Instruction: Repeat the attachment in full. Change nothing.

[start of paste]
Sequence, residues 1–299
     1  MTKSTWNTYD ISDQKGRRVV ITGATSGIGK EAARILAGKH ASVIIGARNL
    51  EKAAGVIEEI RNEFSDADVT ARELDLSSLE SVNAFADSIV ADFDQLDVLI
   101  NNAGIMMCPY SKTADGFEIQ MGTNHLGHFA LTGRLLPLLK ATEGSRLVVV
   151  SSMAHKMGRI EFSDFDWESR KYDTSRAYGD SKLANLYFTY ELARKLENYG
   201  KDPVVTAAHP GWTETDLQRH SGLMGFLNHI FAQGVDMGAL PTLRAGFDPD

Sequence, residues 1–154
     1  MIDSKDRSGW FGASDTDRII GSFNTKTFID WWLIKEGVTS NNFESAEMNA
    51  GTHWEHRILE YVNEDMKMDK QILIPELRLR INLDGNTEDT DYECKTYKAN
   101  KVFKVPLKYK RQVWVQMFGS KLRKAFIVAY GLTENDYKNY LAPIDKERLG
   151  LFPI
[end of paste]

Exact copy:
Sequence, residues 1–299
     1  MTKSTWNTYD ISDQKGRRVV ITGATSGIGK EAARILAGKH ASVIIGARNL
    51  EKAAGVIEEI RNEFSDADVT ARELDLSSLE SVNAFADSIV ADFDQLDVLI
   101  NNAGIMMCPY SKTADGFEIQ MGTNHLGHFA LTGRLLPLLK ATEGSRLVVV
   151  SSMAHKMGRI EFSDFDWESR KYDTSRAYGD SKLANLYFTY ELARKLENYG
   201  KDPVVTAAHP GWTETDLQRH SGLMGFLNHI FAQGVDMGAL PTLRAGFDPD

Sequence, residues 1–154
     1  MIDSKDRSGW FGASDTDRII GSFNTKTFID WWLIKEGVTS NNFESAEMNA
    51  GTHWEHRILE YVNEDMKMDK QILIPELRLR INLDGNTEDT DYECKTYKAN
   101  KVFKVPLKYK RQVWVQMFGS KLRKAFIVAY GLTENDYKNY LAPIDKERLG
   151  LFPI